This isn't a corny romance novel, and - while it does have a bit of violence, tragedy and drama, which doesn't all really feel necessary (but does help push the relationship along a few final steps) - it is mostly a gentle novel. It's wordy, in a descriptive way, but it doesn't feel like someone grabbed for a Thesaurus, it feels like the author naturally uses 'abdomen' instead of 'stomach'. It's the sort of book that I mentally describe as 'literature'. It's slightly pretentious, but in the way that people with wide vocabularies who've been raised on organic food and only drink fancy wines come across as pretentious.
I liked the focus on the local immigrant community from both Syd and Maddie. I really appreciated the whole interest in what constitutes useful library resources, though this may be a non-librarian's version of technospeak. I don't actually understand most of the Spanish spoken, mostly between Maddie and her patients, but it worked to have it included (and if you do speak Spanish, you get to feel accomplished).
I could criticise a few things - the medical jargon got pretty heavy at times, and I got a little bored with the amazing cuisine (justified, as most of it was to do with a chef, but still...), and the amount of wine that kept being drunk. And there were a fair few coincidences - the musical histories in their pasts, the fact both of them were gorgeous, and the sheer number of books they appeared to both have read - but they did fit well together, so that feels a little nitpicky. And the last few events felt a little staged - fun to read, but staged. Still, I've read far worse. Far worse. I did raise my eyebrow at the 'I avoid junk food' line from the same Maddie who seems to live on pizza... well. I would have, if I could raise an eyebrow. People who can do that are annoying.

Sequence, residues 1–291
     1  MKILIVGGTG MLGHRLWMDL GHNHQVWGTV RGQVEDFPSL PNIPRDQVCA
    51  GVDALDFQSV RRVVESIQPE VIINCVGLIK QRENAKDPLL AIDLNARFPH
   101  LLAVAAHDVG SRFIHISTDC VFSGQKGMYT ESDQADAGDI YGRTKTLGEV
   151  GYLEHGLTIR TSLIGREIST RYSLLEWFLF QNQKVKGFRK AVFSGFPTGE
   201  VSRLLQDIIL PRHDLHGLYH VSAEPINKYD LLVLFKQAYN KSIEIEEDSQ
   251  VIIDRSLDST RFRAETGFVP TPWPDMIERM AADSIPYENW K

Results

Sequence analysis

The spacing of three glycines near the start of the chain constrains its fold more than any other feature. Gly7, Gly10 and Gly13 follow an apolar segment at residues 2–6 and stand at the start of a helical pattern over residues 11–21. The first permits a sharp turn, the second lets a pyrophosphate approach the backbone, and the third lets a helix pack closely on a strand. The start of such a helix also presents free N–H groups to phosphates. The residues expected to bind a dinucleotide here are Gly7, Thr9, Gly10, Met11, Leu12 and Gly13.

Oh, and the whole 'gay dad' thing. Why are there so many gay fathers in lesbian romance novels? Seriously? It's fine the first three times, but after that it just gets tired. Why not a lesbian mother? For some reason, the lesbian leads tend to know a lot of gay men, but few lesbians, or otherwise GLBTQ people. Of course, this might be why there's a romance to be had in the first place...
I only found three skipped words in the whole book, and no typos (yes, I was counting). It was also a lot longer than I expected - I kept expecting it to be over, and it wasn't, but this isn't a bad thing. It's an 'I get to reread this book and take my time next time' thing.
It is full of conversation littered with literary references, and puns, and bad jokes, and good jokes, and good wine, and discussions about wine, and affection, and friendship, and descriptions of fancy food. It's about two women who become instant friends, and fall in love, and gradually learn to admit it to each other. And when they do, it doesn't matter, because they trust each other, they're good friends, and they really do love each other - so most of the relationship angst is about trying not to go too fast, rather than misunderstandings and broken hearts.
It's the sort of book I'd like to have lived. I highly, highly recommend it. Highly.
- Turns out it has already scooped up a bit of attention, by being the Top Vote Gett[ing] story in the Royal Academy of Bards 2011 Hall of Fame.
- Ann McMan was an Alice B Lavender certificate recipient in 2012 for this book.
- Favorite Romance Book, 2011 Lesbian Fiction Reader’s Choice Award
- Favorite General Fiction Book, 2011 Lesbian Fiction Reader’s Choice Award
You can buy Jericho by Ann McMan on Amazon in both dead tree and kindle format, or read the free version at the Royal Academy of Bards website (warning: it's very long).
If you're looking for more stories like Jericho:
- The sequel: Aftermath [Review], sneak peek online here
- The anthology, Sidecar, includes a shortish Syd & Maddie story [Review]